Where’s the rest of the book?

51XDQQ7RZYL._SX413_BO1,204,203,200_If you can use words to create a picture, or use pictures that are worth a thousand words, then why are we in such a hurry to separate them?  Alarmingly, twitter had anecdotes from schools that had an age limit on picture books on World Book Day, and sadly it was not a surprise.  The rigidity and micro-detail of the new curriculum (cough – exclamation marks!!!!) inevitably leads to a fixedness in teaching that become accepted if we are not vigilant.  Children, parents and teachers see chapter books as a step up from picture books and therefore going back to picture books is not progression but regression.  Good lessons must have “better than expected progress for every child in every lesson” (true feedback from my observed lessons), so only the brave will risk the suggestion that their children are going backwards.

Yet this is contrary to one of the early parts of the teacher training process, that children learn in different ways. Three initials appeared on many incarnations of the planning sheets that crossed my desk over the last ten years:  V, A and K.  Visual (seeing), Auditory (hearing) and Kinaesthetic (feeling).   Why then, so early in a child’s education, do we drop the key visual tool of a picture book?

It is true that picture books have varying degrees of sophistication.  Most Year 6 children would not tolerate reading The Very Hungry Caterpillar (unless they could pretend they were reading it to a younger child).  But many picture books now have a more conscious underlying message that also keeps their adult audience hooked.  There has to be a degree of appeal to those who will provide the book, whether through a library or a shop.  It is also worth remembering that many adults still choose to read graphic novels and take great pleasure from the images that form part of the storytelling.  How many of these adult readers were considered reluctant readers at school when fed a diet of words alone?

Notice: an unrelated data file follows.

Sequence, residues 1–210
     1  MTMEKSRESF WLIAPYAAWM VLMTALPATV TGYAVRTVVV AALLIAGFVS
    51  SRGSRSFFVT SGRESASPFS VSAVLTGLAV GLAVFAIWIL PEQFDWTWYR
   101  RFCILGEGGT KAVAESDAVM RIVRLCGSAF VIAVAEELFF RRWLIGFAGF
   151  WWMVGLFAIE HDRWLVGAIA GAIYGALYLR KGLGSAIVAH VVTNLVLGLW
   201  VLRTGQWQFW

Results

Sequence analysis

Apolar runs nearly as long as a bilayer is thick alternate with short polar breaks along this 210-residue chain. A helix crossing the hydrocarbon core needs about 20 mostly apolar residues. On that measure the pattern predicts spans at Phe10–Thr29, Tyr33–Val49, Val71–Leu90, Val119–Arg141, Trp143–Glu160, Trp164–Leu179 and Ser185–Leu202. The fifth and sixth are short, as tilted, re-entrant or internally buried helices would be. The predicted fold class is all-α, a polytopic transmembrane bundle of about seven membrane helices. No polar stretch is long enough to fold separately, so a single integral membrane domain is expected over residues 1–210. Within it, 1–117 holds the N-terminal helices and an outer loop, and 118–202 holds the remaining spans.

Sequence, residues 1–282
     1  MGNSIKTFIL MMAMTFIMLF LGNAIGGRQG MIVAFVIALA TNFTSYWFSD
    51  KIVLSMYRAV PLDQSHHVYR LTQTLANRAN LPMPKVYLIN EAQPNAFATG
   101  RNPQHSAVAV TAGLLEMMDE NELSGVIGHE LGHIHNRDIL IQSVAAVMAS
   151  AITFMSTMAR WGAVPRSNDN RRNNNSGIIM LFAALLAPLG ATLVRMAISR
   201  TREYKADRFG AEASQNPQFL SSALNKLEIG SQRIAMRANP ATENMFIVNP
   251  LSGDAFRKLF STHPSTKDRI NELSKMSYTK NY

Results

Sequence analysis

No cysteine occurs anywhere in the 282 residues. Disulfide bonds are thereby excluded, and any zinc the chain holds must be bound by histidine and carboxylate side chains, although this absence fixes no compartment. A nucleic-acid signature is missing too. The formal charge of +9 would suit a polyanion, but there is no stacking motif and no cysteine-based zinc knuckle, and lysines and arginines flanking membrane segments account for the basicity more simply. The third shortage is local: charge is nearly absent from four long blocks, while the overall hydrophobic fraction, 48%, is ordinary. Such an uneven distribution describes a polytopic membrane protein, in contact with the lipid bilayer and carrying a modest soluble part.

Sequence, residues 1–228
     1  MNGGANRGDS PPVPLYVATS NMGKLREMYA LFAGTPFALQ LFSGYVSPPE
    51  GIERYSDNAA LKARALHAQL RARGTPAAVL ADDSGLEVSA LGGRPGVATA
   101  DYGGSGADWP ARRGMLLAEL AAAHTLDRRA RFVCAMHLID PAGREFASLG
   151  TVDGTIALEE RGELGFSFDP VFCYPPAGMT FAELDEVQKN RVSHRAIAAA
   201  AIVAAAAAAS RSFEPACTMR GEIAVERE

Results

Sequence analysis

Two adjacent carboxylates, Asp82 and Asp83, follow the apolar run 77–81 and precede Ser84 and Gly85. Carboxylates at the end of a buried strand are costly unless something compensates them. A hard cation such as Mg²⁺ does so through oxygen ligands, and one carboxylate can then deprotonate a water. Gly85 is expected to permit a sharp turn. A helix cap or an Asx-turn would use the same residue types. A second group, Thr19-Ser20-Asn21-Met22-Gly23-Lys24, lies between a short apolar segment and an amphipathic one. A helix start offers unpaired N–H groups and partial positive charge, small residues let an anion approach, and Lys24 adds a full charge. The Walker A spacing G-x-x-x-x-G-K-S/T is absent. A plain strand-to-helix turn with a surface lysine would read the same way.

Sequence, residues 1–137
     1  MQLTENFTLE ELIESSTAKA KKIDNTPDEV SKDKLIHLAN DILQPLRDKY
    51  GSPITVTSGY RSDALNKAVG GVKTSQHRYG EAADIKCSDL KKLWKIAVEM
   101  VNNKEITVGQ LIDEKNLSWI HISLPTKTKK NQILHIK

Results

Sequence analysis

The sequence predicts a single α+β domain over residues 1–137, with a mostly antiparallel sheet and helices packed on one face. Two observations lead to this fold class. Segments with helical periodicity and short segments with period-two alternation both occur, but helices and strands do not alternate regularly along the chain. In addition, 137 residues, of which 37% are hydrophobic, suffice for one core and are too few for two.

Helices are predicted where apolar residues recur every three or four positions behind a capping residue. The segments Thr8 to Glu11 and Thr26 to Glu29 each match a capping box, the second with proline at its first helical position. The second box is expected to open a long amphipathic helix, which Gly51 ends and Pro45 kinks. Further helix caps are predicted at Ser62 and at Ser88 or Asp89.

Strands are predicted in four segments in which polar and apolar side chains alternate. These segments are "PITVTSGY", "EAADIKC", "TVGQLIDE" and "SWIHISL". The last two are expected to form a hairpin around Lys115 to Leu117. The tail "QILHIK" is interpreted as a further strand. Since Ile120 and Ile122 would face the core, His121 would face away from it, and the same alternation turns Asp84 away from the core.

Finally as Stephen King says “good books don’t give up their secrets at once”.  The richness and scope for a book like The Boy Who Harnessed the Wind, by William Kamkwamba and Bryan Mealer, is vast.  Science, Rights, the human spirit, the world around us and belief systems, are my immediate thoughts without even including the inspiration of the art of the pictures themselves.  Why are there not more of these books that cater for the older children?  Because they do not fit the categories that we have created.  Well it is time for a new market, Key Stage 2 picture books, the new YA for publishers and a wonderful new resource for teachers.